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The Human Face of Student Debt: A Conversation With the Filmmakers of 'Default'

A documentary on the student loan crisis lends a much needed perspective on the cost of educational debt.

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AM: That’s the million-dollar question. I think it’s very similar to the mortgage crisis: deregulation, lobbying, money in politics, and particularly for student loans, it’s budget cuts for higher education. The more budgets are cut, the more tuition rises, the more people borrow, then the more tuition rises. It’s a catch-22. So I think it’s been a convergence of all these forces, but I would say taking away consumer protections, taking away this idea that you cannot sign a contract that is so unfair to you, [has been key].  

SB: I would add that basic consumer protections don’t exist for student loans, which is a sign of how powerful the student lending industry is in Washington. As one of our interviewees mentions in the film, you can discharge your gambling debts in bankruptcy, for example, but you can’t your student loan debt. 

EW: Does student loan debt have a different effect on people than other types of debt?

AM: What we learned by talking to many people is that student loan debt is so intertwined in sense of self. Essentially you borrow money to invest in yourself, to invest in the career of your dreams. We’re constantly fed this story that if we just follow what we want to do, the money will come – if we just believe in ourselves and work hard, we’ll make it. The reality is this is just an economic issue, but people’s sense of self-esteem just crumbles sometimes, and depression sets in, and this idea that I failed myself and I failed in my life. I think that is particular to student debt, and we wanted to show its effect. 

SB: From a filmmaking perspective it was far more important to have dynamic stories in the film. We didn’t want to make a film that was heavy with talking heads. It was more about borrowers turned activist, who are now tacking the issue and the industry.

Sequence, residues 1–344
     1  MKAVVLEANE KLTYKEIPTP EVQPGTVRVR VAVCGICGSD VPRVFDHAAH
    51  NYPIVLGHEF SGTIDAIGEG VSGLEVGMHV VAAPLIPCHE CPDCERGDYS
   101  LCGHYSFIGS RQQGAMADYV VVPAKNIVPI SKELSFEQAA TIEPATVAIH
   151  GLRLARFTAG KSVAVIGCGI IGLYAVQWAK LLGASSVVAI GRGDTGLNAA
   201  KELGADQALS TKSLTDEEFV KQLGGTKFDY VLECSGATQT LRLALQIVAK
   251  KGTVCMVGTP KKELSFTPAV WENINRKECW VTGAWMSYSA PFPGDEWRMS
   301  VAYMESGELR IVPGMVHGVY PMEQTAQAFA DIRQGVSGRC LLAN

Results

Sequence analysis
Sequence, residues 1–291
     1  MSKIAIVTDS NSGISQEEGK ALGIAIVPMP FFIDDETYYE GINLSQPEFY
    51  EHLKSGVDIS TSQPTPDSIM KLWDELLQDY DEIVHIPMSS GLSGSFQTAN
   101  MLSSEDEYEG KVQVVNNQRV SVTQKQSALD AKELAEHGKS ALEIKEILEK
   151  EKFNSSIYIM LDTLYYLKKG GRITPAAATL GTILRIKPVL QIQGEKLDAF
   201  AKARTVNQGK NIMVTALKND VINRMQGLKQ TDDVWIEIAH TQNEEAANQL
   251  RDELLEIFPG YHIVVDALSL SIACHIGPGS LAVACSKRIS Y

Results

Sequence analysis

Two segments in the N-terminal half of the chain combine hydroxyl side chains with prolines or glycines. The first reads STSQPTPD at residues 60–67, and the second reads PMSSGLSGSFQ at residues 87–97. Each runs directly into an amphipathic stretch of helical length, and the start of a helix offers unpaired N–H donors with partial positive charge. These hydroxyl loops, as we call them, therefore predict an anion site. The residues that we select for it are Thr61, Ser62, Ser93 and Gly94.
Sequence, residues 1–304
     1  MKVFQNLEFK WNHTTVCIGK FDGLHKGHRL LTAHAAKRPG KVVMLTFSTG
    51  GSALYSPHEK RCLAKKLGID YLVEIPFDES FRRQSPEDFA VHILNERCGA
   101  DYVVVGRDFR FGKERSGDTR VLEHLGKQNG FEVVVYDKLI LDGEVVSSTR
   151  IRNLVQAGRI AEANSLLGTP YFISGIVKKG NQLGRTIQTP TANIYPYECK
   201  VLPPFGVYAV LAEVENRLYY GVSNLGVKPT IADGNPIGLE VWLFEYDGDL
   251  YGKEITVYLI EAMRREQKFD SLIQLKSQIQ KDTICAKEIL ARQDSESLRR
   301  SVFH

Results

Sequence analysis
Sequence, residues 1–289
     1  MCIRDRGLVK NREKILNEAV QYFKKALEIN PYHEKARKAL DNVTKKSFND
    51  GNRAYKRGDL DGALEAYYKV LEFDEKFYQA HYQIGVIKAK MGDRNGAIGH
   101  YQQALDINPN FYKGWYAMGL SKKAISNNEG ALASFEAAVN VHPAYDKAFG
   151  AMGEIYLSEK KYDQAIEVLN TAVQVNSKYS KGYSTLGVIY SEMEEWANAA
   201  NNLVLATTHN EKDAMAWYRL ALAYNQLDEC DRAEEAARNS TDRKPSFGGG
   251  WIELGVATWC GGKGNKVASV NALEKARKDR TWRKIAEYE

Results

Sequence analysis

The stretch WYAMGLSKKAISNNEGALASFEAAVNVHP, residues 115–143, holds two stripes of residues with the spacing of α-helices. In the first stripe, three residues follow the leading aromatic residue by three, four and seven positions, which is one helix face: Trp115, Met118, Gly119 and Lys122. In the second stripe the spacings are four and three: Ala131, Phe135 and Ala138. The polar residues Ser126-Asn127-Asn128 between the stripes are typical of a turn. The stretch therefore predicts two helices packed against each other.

EW: Are there any great solutions on the horizon to address the crisis?  

SB: The landscape in the country has drastically changed. There’s a bill in Congress, HR 4170, now proposed by Congressman Hansen Clark from Michigan, which is such a leap forward in terms of the movement, in actually coming close to a solution to the problem. 

Ultimately, you just have to be very careful when you sign those promissory notes. And don’t be afraid to speak up. One thing I feel proud of… is that we’ve encouraged Americans to speak up, and that’s such a huge step. It was so hard for us to find borrowers to speak four or five years ago, and now we are constantly bombarded with emails from student borrowers. That’s a very promising sign of where we are heading. 

AM: One thing we’ve noticed when we show our film, is that when one person says, “Yes, I have student debt,” then sure enough, one, two, three people say, “Yes, I’m struggling with my student debt as well.” So it’s this hidden problem that so many people have, but [they think], “Oh, it’s just me.” It’s important to realize it’s not just you; it’s the whole community that’s affected. 

As far as what people can do, it depends what stage of their life they’re in. if they haven’t borrowed money, the most important thing is to be extremely careful. If they have borrowed money, the most important is to stay on top of it, especially with the federal government. There’s a program called IBR, Income Based Repayment, where they help you pay a little bit at a time, based on your income. So stay on top of your loans, open those bills, call your lenders. Then as far as activism, there are groups to join:  Occupy Student Debt, Forgive Student Loan Debt and Student Loan Justice

 
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